No Man’s Sky is an impressive technical achievement for Hello Games. It’s a quaint, but interesting game, that isn’t built for everyone. It’s difficult to give a comprehensive review of the game considering it’s so vast, no man probably manages to see it all, considering there are 18,446,744,073,709,551,616 planets, but I’ll give it a shot.
Up till now, I still have no idea what the goal of the game is, or what exactly it is that I’m supposed to accomplish, but I’ve come to the conclusion that No Man’s Sky is designed to help you explore the world and universe around you. It’s pretty much a man lost in the galaxy, harvesting minerals, and materials whilst fighting of sentries and dying in the cold.
Every planet has its own unique ecosystem, of flora and fauna, as well as precious elements for you to upgrade your exosuit and ship so that your explorations will become easier as you buff yourself up for the harsher conditions you might find on other planets.
No Man’s Sky doesn’t have the graphics of Battlefield or Halo, but it looks good enough. It’s not the resolution or how realistic the game feels that makes No Man’s Sky such a beautiful game, but the colour and design of the items in the world.
Each planet has its unique flora and fauna, as well as ambience, which I found to be the most important factor in any game’s design. The planet can come off dull and boring if the objects are always dark and gray, but some planets are lively, brimming with yellow and orange creatures and plants.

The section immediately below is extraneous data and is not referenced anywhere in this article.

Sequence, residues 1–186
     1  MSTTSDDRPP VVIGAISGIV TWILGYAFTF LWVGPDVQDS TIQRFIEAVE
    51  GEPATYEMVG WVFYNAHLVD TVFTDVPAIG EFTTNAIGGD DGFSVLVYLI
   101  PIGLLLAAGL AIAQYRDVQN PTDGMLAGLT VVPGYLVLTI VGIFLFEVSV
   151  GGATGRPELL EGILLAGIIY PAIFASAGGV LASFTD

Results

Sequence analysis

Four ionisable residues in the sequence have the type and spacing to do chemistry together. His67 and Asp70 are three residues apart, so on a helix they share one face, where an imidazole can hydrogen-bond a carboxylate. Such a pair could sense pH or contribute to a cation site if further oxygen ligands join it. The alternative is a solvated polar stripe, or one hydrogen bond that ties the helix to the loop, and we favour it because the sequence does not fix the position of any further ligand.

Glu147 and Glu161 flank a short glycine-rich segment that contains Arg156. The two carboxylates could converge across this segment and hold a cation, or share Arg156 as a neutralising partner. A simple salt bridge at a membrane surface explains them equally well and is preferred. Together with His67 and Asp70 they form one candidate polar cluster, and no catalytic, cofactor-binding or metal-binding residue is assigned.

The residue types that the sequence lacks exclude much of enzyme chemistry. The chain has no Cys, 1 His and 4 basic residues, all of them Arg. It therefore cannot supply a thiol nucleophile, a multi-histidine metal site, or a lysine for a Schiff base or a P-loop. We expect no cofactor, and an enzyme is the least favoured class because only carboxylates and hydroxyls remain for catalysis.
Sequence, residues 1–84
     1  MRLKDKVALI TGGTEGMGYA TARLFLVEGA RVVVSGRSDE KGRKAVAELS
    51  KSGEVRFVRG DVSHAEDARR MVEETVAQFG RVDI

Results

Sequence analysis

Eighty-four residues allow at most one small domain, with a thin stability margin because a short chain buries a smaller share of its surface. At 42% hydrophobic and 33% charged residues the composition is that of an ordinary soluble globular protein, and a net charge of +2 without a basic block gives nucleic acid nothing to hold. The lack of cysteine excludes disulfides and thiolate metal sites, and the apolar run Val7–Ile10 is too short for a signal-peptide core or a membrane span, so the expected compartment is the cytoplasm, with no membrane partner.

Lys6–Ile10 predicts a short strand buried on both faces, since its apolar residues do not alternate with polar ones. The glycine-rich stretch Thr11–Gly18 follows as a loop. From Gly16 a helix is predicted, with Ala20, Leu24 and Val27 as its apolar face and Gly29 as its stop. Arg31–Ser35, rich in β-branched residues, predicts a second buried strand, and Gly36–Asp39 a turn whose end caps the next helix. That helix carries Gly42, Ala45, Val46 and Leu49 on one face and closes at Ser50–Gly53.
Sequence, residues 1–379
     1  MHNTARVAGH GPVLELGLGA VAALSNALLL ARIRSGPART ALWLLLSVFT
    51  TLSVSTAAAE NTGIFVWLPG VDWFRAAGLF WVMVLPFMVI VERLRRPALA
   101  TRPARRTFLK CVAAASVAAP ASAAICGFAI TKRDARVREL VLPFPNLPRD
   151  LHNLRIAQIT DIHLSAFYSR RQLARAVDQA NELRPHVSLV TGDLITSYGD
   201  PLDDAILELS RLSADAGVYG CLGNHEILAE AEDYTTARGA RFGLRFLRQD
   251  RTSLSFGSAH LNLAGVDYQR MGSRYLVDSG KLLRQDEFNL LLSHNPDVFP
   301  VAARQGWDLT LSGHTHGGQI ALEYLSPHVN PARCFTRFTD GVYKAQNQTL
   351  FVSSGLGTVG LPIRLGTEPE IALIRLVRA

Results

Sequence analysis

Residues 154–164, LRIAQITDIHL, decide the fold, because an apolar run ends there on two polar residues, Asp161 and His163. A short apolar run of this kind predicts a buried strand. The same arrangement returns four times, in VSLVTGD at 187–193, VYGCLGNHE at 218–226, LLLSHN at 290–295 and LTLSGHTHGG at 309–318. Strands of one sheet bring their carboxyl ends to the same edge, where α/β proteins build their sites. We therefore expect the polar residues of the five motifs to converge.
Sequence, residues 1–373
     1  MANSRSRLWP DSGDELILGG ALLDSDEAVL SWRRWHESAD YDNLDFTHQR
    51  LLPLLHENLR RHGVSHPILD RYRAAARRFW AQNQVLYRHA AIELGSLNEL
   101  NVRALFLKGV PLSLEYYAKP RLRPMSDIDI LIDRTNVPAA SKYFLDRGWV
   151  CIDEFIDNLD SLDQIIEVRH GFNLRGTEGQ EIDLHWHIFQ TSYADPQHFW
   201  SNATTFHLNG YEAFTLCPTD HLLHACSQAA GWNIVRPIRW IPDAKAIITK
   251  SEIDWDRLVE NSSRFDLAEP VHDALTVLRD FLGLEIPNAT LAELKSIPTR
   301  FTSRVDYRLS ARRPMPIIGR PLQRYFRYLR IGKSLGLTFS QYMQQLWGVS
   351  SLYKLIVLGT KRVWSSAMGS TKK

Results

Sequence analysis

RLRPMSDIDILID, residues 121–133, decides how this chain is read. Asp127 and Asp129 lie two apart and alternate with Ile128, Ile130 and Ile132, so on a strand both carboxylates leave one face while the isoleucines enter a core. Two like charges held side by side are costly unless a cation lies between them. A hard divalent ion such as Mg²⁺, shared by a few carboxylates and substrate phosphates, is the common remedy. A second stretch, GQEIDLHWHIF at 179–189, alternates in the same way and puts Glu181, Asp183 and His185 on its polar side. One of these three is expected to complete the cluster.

The vastness of the No Man’s Sky universe is the game’s key attraction point. It makes you realise how small you are, and probably puts you in an existential crisis. I have no idea how big our galaxy or universe is, but I reckon its huge and exploring space, the final frontier, in No Man’s Sky could be either dull and boring or fascinating and mindblowing, depending on your appetite for adventure.
There isn’t too much combat in No Man’s Sky, so if you are a hardcore shoot em’ up player, then No Man’s Sky might be a little boring for you.
The aliens in No Man’s Sky are strange-looking creatures that don’t attack you, they just speak in strange languages and try to get you to bribe them with minerals.
There are drones and sky pirates that regularly annoy you and try to kill you, but combat is more of a secondary objective and if you can run instead of fight, it’s usually a better option. Combat mechanics in the game are quite troublesome and annoying at times since it isn’t very smooth and the game moves very slowly, in terms of plot or just interactions.
What It’s All About
No Man’s Sky can grow tiring after awhile if you don’t have enough endurance. The game gets quite monotonous and you grow bored of it faster than you should. If you persevere and pursue the exploration further, you will realise that there is a deeper meaning to the game. It makes you question the need of possessions and what life’s true purpose is. I found that the isolation in the game makes you realise that no matter what new toys you build for yourself, they prove to be of little value if you have no one to share it with.
No Man’s Sky is an amazing game, but it grows tiresome quickly. If you love open-world adventures and like spending time contemplating on life, No Man’s Sky seems like a good meditation tool. I never thought I would derive meaning from a game, but No Man’s Sky did that for me.
I would say it’s good to give No Man’s Sky a try, it’s a good game, but its mechanics needs to be worked on since things just move too slowly. However, if you are just a guy looking to shoot stuff up, just save your money and wait for the next Call of Duty.